From education to employment

Navigating the Apprenticeship Accountability Framework from a strategic perspective

Navigating the complex world of apprenticeship performance can be a daunting task. The Department for Education’s (DfE) Apprenticeship Accountability Framework sets out clear guidelines for performance, but understanding the practical application of how the data is created is crucial for understanding how your operational reporting and practices need to be formed.

One of the key components of the framework is grasping how individual qualification achievement rates (QAR) are created and what year will an individual apprentice count. This is essential when understanding how close to ‘needs improvement’ or ‘at risk’ a provider might be in this key category.

In this blog post, we take a scenario-based approach to unravel the intricacies of QAR, using the case of an apprentice named Billy:

Scenario 1: Early leaver

Billy begins their apprenticeship journey on 5 September 2024 (24/25 funding year), eyeing a completion date of 5 September 2025 (25/26 funding year). However, Billy decides to withdraw early, on 6 October 2024.

In this instance, they fall short of the 42-day qualifying period for a ‘start’. This means they won’t be included in the Qualification Achievement Rates (QAR) cohort at all. They will of course have cost you resources and time but that’s another story.

Scenario 2: Midway farewell

Should Billy choose to withdraw after surpassing the 42-day mark but before their planned end date in 2025, they will count in your QAR and retention cohort at the point in time they become a withdrawal – but what year will they count?  They have met the qualifying period for a start but with planned end year of 25/26. They will therefore count as a non-achiever (within cohort but not achieved) in 25/26 – using the ‘planned end date’ – not in 24/25, the year Billy withdrew.

The system uses the latter of planned end year, actual end year, achieving year or reporting year, what is called the “hybrid year”. So a withdrawal in year 1 on a 4 year programme will affect you for the fourth year.

Scenario 3: Reaching End-Point Assessment (EPA)

Billy reaches EPA, the final part taking place in January 2026. Regardless of the outcome, the ‘achievement field’ is now used. We’re using the “achieving year” for reporting as it was after planned end and actual end, meaning they are counted in the 2025/26 reporting year. However, had the EPA extended to August 2026, the reporting would shift to the 26/27 year (years are August to July), highlighting the importance of the achievement year which can be critical when you have longer EPA phases in some standards.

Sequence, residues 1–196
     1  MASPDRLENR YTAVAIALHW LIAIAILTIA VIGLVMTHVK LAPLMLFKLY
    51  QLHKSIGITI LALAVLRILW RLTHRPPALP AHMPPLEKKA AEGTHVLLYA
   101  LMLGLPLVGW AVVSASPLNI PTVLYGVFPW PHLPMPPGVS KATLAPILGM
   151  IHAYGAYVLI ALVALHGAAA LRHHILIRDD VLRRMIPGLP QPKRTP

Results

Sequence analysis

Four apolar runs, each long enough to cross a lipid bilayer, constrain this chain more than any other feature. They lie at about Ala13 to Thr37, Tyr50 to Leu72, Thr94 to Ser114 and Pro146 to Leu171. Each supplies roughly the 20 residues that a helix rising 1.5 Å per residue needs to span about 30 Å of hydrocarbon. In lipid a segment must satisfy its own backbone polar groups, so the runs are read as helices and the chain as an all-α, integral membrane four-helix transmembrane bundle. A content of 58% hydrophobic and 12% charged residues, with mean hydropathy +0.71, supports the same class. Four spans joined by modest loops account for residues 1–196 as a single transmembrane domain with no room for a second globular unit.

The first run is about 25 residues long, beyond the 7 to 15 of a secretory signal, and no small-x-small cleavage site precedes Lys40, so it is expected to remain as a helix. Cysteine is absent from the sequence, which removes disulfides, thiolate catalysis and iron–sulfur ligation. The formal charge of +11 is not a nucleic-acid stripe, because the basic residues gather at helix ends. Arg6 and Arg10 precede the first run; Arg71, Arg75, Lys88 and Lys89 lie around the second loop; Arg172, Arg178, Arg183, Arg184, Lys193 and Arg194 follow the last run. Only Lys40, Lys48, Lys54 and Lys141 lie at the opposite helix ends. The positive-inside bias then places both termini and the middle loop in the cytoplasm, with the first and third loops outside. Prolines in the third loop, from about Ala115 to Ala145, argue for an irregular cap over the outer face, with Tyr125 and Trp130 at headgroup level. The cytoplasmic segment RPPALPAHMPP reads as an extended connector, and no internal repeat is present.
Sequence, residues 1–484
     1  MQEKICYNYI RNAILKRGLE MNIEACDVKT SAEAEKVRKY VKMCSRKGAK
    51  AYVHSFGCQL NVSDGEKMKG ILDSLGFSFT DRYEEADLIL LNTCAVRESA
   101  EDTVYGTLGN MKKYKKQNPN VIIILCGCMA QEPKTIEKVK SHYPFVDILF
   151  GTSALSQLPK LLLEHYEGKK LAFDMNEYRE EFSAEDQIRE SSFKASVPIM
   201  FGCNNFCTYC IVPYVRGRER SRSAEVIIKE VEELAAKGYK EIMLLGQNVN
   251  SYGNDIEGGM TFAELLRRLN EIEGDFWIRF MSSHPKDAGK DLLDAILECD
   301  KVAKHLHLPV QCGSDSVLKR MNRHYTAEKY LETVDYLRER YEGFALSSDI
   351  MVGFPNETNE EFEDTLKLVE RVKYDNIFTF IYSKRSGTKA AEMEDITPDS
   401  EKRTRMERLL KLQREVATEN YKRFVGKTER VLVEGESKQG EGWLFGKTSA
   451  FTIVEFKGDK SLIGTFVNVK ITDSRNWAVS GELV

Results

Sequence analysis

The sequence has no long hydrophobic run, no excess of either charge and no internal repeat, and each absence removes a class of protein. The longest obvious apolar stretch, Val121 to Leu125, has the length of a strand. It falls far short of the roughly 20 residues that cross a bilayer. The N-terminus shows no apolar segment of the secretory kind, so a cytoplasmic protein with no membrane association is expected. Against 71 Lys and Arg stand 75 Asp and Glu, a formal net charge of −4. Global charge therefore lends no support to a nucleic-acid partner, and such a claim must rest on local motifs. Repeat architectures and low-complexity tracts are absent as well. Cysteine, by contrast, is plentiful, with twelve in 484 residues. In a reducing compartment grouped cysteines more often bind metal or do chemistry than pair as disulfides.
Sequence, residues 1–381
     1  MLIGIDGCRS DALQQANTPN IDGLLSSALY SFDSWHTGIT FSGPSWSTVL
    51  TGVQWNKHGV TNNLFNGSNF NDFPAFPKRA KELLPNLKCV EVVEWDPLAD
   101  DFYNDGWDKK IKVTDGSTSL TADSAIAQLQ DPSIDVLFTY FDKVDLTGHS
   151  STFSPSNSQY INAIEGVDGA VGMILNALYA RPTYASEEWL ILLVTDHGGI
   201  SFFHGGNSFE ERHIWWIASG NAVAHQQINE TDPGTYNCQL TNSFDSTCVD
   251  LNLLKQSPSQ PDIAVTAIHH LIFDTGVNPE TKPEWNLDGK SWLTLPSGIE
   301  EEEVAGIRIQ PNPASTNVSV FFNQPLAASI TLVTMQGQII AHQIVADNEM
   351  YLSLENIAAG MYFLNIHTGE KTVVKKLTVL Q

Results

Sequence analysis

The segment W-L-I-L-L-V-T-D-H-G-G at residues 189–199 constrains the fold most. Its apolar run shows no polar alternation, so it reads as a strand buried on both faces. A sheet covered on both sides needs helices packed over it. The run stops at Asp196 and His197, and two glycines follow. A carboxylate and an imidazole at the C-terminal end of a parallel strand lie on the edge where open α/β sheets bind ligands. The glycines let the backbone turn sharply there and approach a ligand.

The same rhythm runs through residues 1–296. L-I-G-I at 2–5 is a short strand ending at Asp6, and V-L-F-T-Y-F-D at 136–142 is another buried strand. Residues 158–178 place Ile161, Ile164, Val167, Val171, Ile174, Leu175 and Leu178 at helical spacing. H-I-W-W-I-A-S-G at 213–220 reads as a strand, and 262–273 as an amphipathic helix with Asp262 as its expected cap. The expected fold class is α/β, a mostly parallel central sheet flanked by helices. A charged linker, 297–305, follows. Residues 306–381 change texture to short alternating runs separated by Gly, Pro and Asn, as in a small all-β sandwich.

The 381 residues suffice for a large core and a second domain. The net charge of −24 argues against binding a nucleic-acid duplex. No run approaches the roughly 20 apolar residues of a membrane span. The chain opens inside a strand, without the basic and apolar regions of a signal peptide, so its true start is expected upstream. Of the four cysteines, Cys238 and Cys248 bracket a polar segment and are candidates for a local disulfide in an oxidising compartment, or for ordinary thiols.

Scenario 4: Slow progress and withdraws before EPA is finished

Billy reaches EPA late and starts it in January 2026 but withdraws before finishing.

When this happens the ‘actual end’ year is used rather than the ‘planned end’ year. If, like in scenario 3, that fell into August, it could potentially change the reporting year for the apprentice’s withdrawal.

Breaks in learning could also affect reporting years. When returning from a break, the planned end date can be reset so could still fall into a subsequent reporting year. Late notified reporting can also affect the year.

Why is this important?  

The achievement year cannot be predicted by your simple ILR data because there isn’t a field for it until someone sits their EPA. Providers need visibility of a projected completion date so they can understand when an individual might count (and equally important of when completion funds might occur). Similarly, when an apprentice does withdraw, do you identify what year they will count (allowing you to project and be aware of minimum and maximum cohorts for the current and future years)?

By understanding scenarios like this and their impact, compliance professionals can start to see the importance of tracking each apprentice’s journey meticulously and maintaining projected dates and data. The date of withdrawal, completion, or reporting dictates the cohort year, which in turn influences the accuracy of the QAR and retention figures.

Understanding these nuances ensures compliance professionals can navigate the apprenticeship accountability framework with confidence, as well as make more accurate financial projections and ensure your provider’s reporting is precise.

Join our deep-dive Apprenticeship Accountability Framework session to get more practical advice…

If you work as a leader or manager and want to better understand the Apprenticeship Accountability Framework, do join David Lockhart-Hawkins, SDN’s compliance expert, for this 2-hour deep-dive online webinar.

These sessions will cover:

  • Understanding the Apprenticeship Training Provider Accountability Framework, the indicators and risks
  • How the framework works with quality inspection
  • Data, Strategy and setting effective targets
  • Interventions
  • Benchmarking and working with action plans
  • Q&A

Visit the webinar webpage for more information and to book.

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